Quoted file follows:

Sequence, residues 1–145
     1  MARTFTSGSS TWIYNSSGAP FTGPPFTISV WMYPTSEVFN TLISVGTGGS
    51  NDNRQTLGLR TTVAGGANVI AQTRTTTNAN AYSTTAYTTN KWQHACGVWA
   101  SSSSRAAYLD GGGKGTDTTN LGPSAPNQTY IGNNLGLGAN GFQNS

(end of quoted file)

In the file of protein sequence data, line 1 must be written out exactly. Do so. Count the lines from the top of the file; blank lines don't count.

Sequence, residues 1–145